In accordance with another aspect of the present invention there is provided a system for managing interaction with test cases for manual testing of software by a test client in communication with a data storage containing a test case definition representing a test instruction set of a test case, said test case definition having step definition information including an instruction step to be executed manually and execution status information for said instruction step, the test client displaying the test cases for interaction by a tester, said system comprising: a client interface for communicating with a plurality of clients, the test client being one of said plurality of clients; interaction means in communication with the data storage for governing interactions with said test case definition in said data storage, said interaction means providing said test case definition to said client interface for display on the test client; and step manipulation means in communication with the data storage for handling manipulation of said instruction step of said test case definition in said data storage; wherein the test client provides said client interface with a manipulation command for said test case definition and said interaction means governs said manipulation command for said test case definition in said data storage.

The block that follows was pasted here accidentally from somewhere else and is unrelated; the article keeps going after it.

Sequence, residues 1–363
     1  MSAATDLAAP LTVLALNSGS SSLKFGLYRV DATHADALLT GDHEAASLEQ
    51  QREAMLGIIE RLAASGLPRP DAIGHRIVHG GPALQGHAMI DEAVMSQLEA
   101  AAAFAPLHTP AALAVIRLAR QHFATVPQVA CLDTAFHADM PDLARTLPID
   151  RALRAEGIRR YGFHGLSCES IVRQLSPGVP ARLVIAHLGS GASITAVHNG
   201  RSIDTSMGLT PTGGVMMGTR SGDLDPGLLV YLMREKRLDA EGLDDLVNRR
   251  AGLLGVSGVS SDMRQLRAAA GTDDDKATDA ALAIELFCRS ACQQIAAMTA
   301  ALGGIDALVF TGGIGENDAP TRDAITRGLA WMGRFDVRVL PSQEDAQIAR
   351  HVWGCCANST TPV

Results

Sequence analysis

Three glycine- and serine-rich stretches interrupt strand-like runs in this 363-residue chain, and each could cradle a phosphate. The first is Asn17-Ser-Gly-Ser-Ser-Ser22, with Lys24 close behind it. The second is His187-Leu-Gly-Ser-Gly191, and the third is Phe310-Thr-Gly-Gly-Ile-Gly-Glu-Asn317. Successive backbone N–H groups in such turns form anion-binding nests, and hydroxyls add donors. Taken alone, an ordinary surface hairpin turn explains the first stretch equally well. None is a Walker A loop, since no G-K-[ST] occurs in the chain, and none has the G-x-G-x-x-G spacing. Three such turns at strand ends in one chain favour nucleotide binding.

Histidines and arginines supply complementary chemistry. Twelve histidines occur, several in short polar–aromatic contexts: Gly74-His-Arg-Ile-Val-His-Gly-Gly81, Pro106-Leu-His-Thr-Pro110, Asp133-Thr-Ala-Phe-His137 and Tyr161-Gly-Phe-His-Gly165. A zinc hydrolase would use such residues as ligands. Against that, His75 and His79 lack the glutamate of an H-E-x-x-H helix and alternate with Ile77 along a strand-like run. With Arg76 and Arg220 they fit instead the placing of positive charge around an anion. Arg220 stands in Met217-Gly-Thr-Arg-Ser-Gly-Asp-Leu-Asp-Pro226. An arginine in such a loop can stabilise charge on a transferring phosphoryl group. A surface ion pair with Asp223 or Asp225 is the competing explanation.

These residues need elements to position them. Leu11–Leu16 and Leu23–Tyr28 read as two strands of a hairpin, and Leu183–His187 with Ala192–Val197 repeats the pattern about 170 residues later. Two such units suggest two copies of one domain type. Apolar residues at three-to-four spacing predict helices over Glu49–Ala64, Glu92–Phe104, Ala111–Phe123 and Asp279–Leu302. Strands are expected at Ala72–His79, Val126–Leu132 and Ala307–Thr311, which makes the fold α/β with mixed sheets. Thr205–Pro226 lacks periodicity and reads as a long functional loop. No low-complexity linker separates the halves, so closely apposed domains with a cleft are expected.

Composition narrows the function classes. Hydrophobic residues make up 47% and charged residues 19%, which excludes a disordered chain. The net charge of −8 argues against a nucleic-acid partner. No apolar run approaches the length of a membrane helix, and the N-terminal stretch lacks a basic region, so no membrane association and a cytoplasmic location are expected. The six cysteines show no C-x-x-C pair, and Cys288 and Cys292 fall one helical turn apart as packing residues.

In accordance with a further aspect of the present invention there is provided a method of managing test cases for manual testing of software from a test client, information representing the test cases being stored in a data storage, said method comprising: (a) receiving test case definition information from the test client representing a test case; (b) creating a data structure in the data storage representing said test case definition information, said data structure including test case identification, a test instruction set having step definition information including an instruction step to be executed manually and execution status information for said instruction step, and test case execution information; (c) receiving a manipulation command for said data structure from the test client, said manipulation command having step definition information; (d) updating said step definition information in said data structure based on said step definition information in said manipulation command.